April 7, 2024

Biden poised to unveil latest attempt at student loan forgiveness after prior SCOTUS smackdown

When it comes to keeping one of his most controversial campaign promises from the 2020 campaign, President Joe Biden appears to be pursuing a philosophy of “try, try again.”

As Fox Business reports, the White House is poised to announce another effort at achieving substantial student loan forgiveness, despite the U.S. Supreme Court's decision striking down an earlier attempt.

Second bite at the apple

The Wall Street Journal last week reported that, according to sources close to the situation, the Biden administration is preparing to unveil new regulations that would facilitate large-scale debt bailouts.

According to the outlet, “the president's advisers hope to use the rules to begin canceling waves of student debt in the run-up to the November election.”

Previously, in a move to fulfil what many viewed as a critical campaign promise to younger voters, the administration tried to roll out another debt forgiveness plan that would have offered upwards of $10,000 in relief to borrowers earning less than $125,000 annually, or households with incomes under $250,000.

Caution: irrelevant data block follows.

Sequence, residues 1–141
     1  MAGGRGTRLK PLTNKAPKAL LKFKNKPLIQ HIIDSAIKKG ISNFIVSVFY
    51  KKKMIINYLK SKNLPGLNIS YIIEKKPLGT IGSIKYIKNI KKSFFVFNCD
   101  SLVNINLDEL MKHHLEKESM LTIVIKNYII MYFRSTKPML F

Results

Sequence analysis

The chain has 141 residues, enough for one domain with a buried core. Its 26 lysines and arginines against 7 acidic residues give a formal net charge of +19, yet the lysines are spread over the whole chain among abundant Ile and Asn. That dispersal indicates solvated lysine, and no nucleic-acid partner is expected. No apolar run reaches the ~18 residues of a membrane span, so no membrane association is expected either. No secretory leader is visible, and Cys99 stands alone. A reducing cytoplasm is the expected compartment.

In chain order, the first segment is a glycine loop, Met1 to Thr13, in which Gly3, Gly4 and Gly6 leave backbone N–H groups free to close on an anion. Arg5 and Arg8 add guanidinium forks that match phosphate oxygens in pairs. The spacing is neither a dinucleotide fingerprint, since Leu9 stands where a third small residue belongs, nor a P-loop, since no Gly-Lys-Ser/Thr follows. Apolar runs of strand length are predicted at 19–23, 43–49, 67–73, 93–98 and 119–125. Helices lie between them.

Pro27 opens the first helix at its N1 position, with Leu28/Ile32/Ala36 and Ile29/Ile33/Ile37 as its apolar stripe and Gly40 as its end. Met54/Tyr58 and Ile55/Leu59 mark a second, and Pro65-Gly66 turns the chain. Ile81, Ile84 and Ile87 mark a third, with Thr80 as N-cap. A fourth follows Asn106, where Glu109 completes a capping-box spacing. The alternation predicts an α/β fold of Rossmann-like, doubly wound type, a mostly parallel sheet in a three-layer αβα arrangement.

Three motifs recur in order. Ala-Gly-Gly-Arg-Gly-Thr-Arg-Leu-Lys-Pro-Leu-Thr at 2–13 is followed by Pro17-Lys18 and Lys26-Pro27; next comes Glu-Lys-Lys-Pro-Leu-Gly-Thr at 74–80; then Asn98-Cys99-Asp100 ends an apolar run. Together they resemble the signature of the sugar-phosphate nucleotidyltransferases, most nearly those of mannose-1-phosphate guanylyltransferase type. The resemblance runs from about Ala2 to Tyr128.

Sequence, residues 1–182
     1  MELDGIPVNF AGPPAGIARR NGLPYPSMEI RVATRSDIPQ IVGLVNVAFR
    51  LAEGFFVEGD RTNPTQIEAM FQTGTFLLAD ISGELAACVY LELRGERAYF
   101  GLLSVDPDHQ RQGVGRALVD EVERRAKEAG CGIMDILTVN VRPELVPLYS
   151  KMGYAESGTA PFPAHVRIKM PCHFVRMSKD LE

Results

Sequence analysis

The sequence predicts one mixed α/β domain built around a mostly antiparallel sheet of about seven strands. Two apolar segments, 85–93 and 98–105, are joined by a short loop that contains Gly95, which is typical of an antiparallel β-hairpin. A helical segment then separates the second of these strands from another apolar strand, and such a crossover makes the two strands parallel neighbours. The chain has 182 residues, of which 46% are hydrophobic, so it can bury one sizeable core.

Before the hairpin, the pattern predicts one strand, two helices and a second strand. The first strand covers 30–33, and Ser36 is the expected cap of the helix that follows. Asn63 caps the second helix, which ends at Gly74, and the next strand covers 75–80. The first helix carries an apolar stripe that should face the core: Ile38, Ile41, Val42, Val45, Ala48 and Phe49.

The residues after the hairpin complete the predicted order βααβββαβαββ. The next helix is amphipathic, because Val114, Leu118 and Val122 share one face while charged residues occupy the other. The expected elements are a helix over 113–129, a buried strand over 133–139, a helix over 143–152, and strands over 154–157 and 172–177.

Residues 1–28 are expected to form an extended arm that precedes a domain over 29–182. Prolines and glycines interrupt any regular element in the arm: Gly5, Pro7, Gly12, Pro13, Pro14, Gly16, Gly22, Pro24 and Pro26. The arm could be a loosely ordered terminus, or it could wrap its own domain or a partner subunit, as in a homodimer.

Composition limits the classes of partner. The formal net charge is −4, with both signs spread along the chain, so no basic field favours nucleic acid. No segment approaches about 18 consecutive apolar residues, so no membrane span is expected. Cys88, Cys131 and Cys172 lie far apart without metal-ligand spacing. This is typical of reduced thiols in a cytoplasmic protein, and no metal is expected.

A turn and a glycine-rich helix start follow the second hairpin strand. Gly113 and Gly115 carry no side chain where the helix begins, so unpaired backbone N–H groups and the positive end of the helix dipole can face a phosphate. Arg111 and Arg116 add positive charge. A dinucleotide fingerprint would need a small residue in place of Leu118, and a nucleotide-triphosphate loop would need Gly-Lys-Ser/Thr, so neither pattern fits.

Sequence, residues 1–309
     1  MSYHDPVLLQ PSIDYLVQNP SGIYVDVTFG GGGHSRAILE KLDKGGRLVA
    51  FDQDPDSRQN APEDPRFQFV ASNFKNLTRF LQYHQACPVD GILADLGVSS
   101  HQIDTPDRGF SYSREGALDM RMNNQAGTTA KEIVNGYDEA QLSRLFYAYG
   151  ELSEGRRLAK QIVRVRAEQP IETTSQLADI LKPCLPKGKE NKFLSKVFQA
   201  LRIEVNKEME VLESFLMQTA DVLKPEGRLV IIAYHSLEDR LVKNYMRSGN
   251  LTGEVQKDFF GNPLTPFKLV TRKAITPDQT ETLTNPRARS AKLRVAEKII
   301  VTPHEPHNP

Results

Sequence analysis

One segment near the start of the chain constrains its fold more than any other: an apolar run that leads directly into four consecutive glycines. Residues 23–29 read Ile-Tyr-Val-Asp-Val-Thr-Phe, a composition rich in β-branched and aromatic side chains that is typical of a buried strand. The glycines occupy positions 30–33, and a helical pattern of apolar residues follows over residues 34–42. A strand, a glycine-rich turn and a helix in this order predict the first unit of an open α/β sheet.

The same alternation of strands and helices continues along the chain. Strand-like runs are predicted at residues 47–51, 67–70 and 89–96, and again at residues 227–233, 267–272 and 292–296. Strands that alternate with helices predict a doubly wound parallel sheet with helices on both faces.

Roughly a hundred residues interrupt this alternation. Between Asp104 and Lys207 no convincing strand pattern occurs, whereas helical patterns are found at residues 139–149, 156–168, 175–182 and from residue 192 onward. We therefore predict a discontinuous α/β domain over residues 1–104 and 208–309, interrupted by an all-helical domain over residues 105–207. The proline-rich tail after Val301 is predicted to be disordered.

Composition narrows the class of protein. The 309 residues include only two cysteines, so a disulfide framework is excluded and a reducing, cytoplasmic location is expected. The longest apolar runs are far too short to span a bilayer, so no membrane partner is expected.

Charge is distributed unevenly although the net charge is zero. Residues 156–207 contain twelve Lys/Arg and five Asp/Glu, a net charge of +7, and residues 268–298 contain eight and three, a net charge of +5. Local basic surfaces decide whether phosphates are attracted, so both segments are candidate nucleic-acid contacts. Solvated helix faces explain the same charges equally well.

Another additional $10,000 could have potentially been forgiven for lower-income borrowers who had received Pell Grants, as the Associated Press noted at the time.

However, the high court struck down that concept, determining that the White House lacked the authority to make such sweeping cancellations without an act of Congress.

Biden, undeterred

Following the Supreme Court's rebuke last summer, Biden pledged that he would “stop at nothing to find other ways to deliver relief to hard-working middle-class families.”

To that end, he has engaged in various, targeted initiatives to eliminate roughly $138 billion in outstanding debt for nearly 3.9 million borrowers, doing so without the involvement of Congress.

Many view Biden's imminent announcement as something of a desperate move designed to stop the bleeding in terms of the lagging support among younger voters as the November election draws nearer.

Though the precise contours of Biden's new plan remain to be fully understood, it seems all but certain that any such initiative will be subject to court challenge almost immediately.

Whether Biden's seemingly cynical gambit to curry favor with a key segment of the electorate ahead of his face-off with Donald Trump, only time will tell.

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